Have you ever tried to discuss high-level strategy with someone but instead found that they were more focused on the smallest detail in a new website or brochure.
You: “So what trend can we harness to differentiate ourselves.”
Them: “I’m not sure but I really like when websites have the menu on the left instead of the top. Let’s do that. But the font has to be bigger.”
Does every attempt you make to plan out a high-level strategy devolve into overly detailed tactical ponderings?
TNT, Not So Dyno-Might!
Recently I worked with a client that had TNT or the Tactical Nervous Tick as I like to call it. Every time I brought up high-level marketing strategy the client would push the conversation back to how the case studies should have photos on the left hand side of the page instead of the right. I knew their logo was being misinterpreted by even long-time clients in ways that were misleading and inappropriate. The client brushed off this glaring brand problem in favor of an in-depth discussion about the difference between “services” and “solutions” in the website’s main menu.
Now in all fairness the discussions the client wished to have were important in their own right. The only problem was that EVERY conversation focused at the tactical level. Marketing strategy was largely ignored and determined only by the sum of small uncoordinated tactical efforts. You can imagine the result. It led to knee-jerk reactions to the latest marketing trend rather than steady progress toward building a better business backed by solid thinking.
Not one to point out a problem and not offer a solution, I present the four pillars of strategic thinking.
Learn The Framework, Reap The Rewards
1. Objectives: An objective is a high-level achievement.
The simpler the better, like “Improve customer loyalty” or “Grow our market share.” They can also be mountain-tops of company success: “Make our brand a word of mouth success story.” They could be trying to solve a nagging, systemic problem or doing something big, like entering a new market. Objectives are a rally point for leaders who manage day-to-day efforts: “Will the idea being pitched to me help us reduce our churn?” or “Will this project help us develop a new market?” Objectives sit at the top of the strategic plan, and an ideal plan has no more than a handful of them.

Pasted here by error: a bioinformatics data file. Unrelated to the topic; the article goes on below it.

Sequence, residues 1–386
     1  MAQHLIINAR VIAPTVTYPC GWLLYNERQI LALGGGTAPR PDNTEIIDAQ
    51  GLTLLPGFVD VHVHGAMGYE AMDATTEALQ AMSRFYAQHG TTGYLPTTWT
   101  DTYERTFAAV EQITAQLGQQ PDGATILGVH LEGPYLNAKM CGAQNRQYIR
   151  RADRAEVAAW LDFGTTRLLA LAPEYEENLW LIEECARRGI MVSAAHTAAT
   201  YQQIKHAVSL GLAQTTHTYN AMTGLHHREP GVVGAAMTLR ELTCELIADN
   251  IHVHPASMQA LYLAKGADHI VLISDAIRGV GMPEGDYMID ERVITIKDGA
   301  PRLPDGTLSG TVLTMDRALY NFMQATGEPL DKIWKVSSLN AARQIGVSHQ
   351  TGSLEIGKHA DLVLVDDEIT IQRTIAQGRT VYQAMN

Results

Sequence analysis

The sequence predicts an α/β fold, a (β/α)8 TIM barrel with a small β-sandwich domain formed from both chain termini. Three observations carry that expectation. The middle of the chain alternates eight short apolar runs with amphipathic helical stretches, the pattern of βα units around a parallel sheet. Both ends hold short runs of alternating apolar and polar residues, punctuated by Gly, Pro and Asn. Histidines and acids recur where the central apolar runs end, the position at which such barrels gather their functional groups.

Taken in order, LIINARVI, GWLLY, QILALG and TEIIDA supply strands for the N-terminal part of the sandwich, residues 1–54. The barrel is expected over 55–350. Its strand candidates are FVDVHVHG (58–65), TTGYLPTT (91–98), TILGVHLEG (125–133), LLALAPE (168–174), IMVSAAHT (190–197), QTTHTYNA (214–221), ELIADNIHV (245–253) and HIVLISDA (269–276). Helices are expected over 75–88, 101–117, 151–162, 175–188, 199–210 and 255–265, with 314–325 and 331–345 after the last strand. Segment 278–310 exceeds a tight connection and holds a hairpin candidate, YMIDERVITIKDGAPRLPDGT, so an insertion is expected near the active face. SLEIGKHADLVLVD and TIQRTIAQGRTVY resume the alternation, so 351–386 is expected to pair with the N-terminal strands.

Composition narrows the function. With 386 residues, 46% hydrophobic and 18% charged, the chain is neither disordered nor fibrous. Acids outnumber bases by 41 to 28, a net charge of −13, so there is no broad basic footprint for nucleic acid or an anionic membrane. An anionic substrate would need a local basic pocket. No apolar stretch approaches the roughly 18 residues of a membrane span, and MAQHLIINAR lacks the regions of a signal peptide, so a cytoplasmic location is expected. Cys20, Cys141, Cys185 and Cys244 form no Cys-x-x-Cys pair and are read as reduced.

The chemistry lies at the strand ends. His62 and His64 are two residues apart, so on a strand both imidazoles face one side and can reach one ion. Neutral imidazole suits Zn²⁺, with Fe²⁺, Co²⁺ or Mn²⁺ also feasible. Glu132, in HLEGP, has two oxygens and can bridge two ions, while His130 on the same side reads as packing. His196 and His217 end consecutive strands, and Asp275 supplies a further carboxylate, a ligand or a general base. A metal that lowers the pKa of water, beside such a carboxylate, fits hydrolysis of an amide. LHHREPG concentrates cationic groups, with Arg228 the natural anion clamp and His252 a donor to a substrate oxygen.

2. Goals: A goal is anything that’s measured.
Goals can be revenue, profit margin, members in a community, certifications delivered, etc. Goals determine how you fulfill an objective. Multiple goals can, and should, support a single objective. A goal of “customer satisfaction rating of 75%” can support multiple objectives like “become a word of mouth success story” and “deliver best-in-class service.” A goal is based on numbers.
3. Strategies: A strategy is a way to describe a series of tactics, or very specific actions.
In sports strategy is often described as an action: Play man-to-man coverage. The commonality is action performed by a team or group of people. Each strategy description begins with a verb to signify that something is being done. Example verbs include: create, hire, develop, launch, etc.
4. Tactics: A tactic is a very specific action.
In our framework, a tactic might be “create a new website” or “redesign our collateral system to serve a new market.” Each tactic has an owner who may rely on the work of multiple people in direct or dotted-line reporting relationships to make the tactic work. Tactics are best, too, when they are preceded with a verb. Specificity is the driver to improvement.
For those of you who recognize that you have the TNT bug there is help. Begin using this simple four step planning process to guide your marketing efforts. This framework will provide direction for your day-to-day tactical efforts as well as give your business a strategic plan for long-term success.